She calls it her shark bite, an indented surgery scar on her inner thigh with 47 stitches on the inside. It’s not pretty, but this scar tells a story and makes an instant impact when she shows students how melanoma, the deadliest form of skin cancer, leaves its mark.
Michelle LeBlanc, an instructor at the Elizabeth Grady School of Esthetics and Massage Therapy, was diagnosed with early-stage melanoma in 2011. Years ago, as an avid sun bather and tanning bed owner, Michelle didn’t worry about the long-term affects of sun damage and unprotected exposure. “You don’t worry about it when you’re young. You’re invincible. If you get a mole, you think it can just be removed, if you’re even thinking about it that way. It’s a big misconception.”
Michelle has made it her personal mission to educate Elizabeth Grady students and the public on the realities of melanoma, sun safety, and prevention. She also wants to stop the spread of misinformation on this common form of cancer.
melanoma realities: “there is no such thing as remission.”
Since 2011, Michelle has had 10 total biopsies and 3 surgeries. “A lot of people believe that your dermatologist can simply remove a mole and poof, you are cancer free. In reality, these are invasive, traumatic biopsies and surgeries that will change your body forever.” Punch biopsies are used to remove skin deep in the dermis, not just from the skin’s surface, and melanoma removal surgeries can require dozens of stitches and leave permanent scars and indentations. There are often shooting pains near Michelle’s scars, and she has permanent loss of sensation near some of the surgery sites.
Michelle also had several lymph nodes removed and biopsied. “My doctor said ‘once it goes into the lymphatic system, the conversation changes from what are you going to do with the rest of your life to specific numbers.’ He said I would be looking at 5 years, maybe 2 years…They believe that the lymphatic system is as close to your bloodstream as you get, and this gives melanoma the opportunity to affect other organs. This is when it gets really deadly and why early detection is so important.” Thankfully, Michelle’s lymph node biopsies were benign, but for many others whose melanomas are not caught as early, this is a common fate.
Michelle has graciously allowed us to share her post-surgery photographs with you.
When the surgeries are over, the patient’s “work” is just beginning. Michelle wears sun block with an SPF of at least 30 (50 on her face) daily, avoids the sun during peak hours, and wears clothing with UV protection. She wears compression tights to help relieve swelling caused by fluid retention.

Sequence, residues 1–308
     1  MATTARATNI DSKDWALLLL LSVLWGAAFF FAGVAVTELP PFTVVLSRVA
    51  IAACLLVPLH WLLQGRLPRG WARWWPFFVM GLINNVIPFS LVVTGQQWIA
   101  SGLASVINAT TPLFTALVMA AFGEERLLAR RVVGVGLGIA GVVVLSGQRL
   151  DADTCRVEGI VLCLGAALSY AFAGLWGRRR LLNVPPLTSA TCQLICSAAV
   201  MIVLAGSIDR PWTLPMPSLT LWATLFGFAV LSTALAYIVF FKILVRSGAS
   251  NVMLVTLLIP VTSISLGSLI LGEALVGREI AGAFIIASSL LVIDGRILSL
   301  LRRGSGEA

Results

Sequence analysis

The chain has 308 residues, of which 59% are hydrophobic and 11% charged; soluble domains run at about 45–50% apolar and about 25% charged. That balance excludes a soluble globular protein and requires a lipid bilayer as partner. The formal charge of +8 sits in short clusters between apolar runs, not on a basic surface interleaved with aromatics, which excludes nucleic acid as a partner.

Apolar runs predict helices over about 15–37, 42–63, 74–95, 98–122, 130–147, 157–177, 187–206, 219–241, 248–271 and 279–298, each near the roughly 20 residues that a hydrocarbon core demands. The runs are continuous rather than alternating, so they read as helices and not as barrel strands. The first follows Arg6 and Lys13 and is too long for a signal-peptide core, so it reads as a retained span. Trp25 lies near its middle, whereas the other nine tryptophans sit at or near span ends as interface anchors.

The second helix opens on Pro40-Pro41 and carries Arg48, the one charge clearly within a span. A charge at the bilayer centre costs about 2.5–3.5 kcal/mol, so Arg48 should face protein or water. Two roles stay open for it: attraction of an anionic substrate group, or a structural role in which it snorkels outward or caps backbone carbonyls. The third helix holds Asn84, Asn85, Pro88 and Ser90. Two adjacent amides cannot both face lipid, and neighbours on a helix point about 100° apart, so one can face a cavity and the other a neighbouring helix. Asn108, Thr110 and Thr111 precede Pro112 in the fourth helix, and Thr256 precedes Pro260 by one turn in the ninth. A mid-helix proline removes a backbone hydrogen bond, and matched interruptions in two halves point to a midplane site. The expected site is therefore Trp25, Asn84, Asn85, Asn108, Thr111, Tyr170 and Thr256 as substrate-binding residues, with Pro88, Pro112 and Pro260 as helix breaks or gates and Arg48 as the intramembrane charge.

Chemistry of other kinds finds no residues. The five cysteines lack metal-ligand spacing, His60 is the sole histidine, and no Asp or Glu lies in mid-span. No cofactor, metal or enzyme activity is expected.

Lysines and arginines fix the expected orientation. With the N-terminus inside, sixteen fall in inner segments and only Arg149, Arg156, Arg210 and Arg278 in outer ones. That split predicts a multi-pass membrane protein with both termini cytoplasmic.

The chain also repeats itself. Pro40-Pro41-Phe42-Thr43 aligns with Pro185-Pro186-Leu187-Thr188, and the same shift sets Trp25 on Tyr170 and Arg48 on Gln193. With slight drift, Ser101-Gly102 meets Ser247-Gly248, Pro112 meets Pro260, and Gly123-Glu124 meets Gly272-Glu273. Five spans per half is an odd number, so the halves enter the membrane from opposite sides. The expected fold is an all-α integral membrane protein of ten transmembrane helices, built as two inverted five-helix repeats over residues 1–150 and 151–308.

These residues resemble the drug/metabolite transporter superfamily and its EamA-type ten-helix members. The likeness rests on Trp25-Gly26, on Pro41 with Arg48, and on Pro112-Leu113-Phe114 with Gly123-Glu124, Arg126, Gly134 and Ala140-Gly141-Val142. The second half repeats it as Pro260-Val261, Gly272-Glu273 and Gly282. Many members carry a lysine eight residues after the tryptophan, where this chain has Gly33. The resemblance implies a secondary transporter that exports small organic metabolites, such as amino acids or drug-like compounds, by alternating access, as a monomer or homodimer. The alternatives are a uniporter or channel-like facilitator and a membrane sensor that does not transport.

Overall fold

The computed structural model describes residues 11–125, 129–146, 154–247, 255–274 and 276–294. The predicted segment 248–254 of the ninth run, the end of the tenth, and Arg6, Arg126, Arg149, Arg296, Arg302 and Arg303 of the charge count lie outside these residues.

Every 3 months, she has an appointment with her doctors. Every 3 months, she waits to hear if she is melanoma free for the moment. “There is no remission in melanoma. Once you have it, you have it. That’s another common misunderstanding,” she says. Unlike some other cancers, once your cells know how to create melanomas, there is nothing to stop them but your own advocacy.
“be your own advocate!”
“You have to be your own advocate!” Michelle tells students during a Q & A about her cancer. She explains that while you might see an expert every few months or once a year for a body scan, it’s often you, a close family member, boyfriends and girlfriends who notice abnormal moles. In fact, it was Michelle’s boyfriend who noticed an abnormal mole on her thigh and encouraged her to see a dermatologist. Knowing your body and educating yourself and those around you on the ABCDEs of moles can help catch a cancerous mole in the early stages. Watch the asymmetry, border, color, diameter, and evolution of new and existing moles. Early detection can increase your 5-year survival rate by 95%.
Because there is still so much unknown about the direct causes of melanoma, it’s important to be aware of family history, too. While Michelle did go tanning early in her life, she might also be genetically predisposed to melanoma. “Years and years ago, my mother had a large mole removed, but I’ve been unable to track down her pathology reports since she passed.” Michelle has donated her DNA for testing to help doctors and scientists research the potential links between genetics and melanoma.
embrace your natural color
“It’s important to educate people about the negative effects of unprotected sun exposure, but it’s also important to encourage kids to recognize the beauty of their natural skin color. Tanning, particularly tanning beds, is an epidemic and creates unhealthy, unrealistic body images and “tanning addicts,” according to Michelle. The Melanoma Foundation of New England explains that tanning beds emit 3 to 6 times the amount of radiation of the natural sun and dramatically increase your risk of melanoma. “We need to reinforce the beauty of every skin color, as well as reinforce that the only safe tan is the kind you get from a bottle or airbrush machine.
you don’t have to live in a bubble
In many ways, Michelle believes her diagnosis has been a blessing, because she is able to reach a large audience through her role as a skincare professional and educator. She also stresses that her life goes on and that she refuses to let the cancer control her.
“My favorite place was the beach. Not because I wanted to get a tan, but the relaxation, the beauty of the ocean and sand…so, my doctor made a deal with me and said I could have every sunrise and sunset. I can still go hiking, skiing, and go to a water park. I just have to be very careful about the hours I’m outdoors and protect myself all the time.”
If you want to learn more about skin cancer and melanoma, please visit the trusted websites below.